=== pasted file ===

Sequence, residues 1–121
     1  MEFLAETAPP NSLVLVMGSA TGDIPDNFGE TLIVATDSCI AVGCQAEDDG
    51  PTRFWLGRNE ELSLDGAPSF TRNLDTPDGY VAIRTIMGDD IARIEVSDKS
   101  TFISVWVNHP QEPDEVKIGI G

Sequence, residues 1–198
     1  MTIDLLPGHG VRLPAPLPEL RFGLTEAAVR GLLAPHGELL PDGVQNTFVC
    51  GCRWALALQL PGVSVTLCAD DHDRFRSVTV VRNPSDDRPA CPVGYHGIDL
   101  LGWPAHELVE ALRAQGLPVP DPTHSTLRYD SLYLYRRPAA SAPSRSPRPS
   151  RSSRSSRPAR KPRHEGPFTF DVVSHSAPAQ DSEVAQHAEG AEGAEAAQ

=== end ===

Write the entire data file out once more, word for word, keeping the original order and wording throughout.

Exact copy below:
Sequence, residues 1–121
     1  MEFLAETAPP NSLVLVMGSA TGDIPDNFGE TLIVATDSCI AVGCQAEDDG
    51  PTRFWLGRNE ELSLDGAPSF TRNLDTPDGY VAIRTIMGDD IARIEVSDKS
   101  TFISVWVNHP QEPDEVKIGI G

Sequence, residues 1–198
     1  MTIDLLPGHG VRLPAPLPEL RFGLTEAAVR GLLAPHGELL PDGVQNTFVC
    51  GCRWALALQL PGVSVTLCAD DHDRFRSVTV VRNPSDDRPA CPVGYHGIDL
   101  LGWPAHELVE ALRAQGLPVP DPTHSTLRYD SLYLYRRPAA SAPSRSPRPS
   151  RSSRSSRPAR KPRHEGPFTF DVVSHSAPAQ DSEVAQHAEG AEGAEAAQ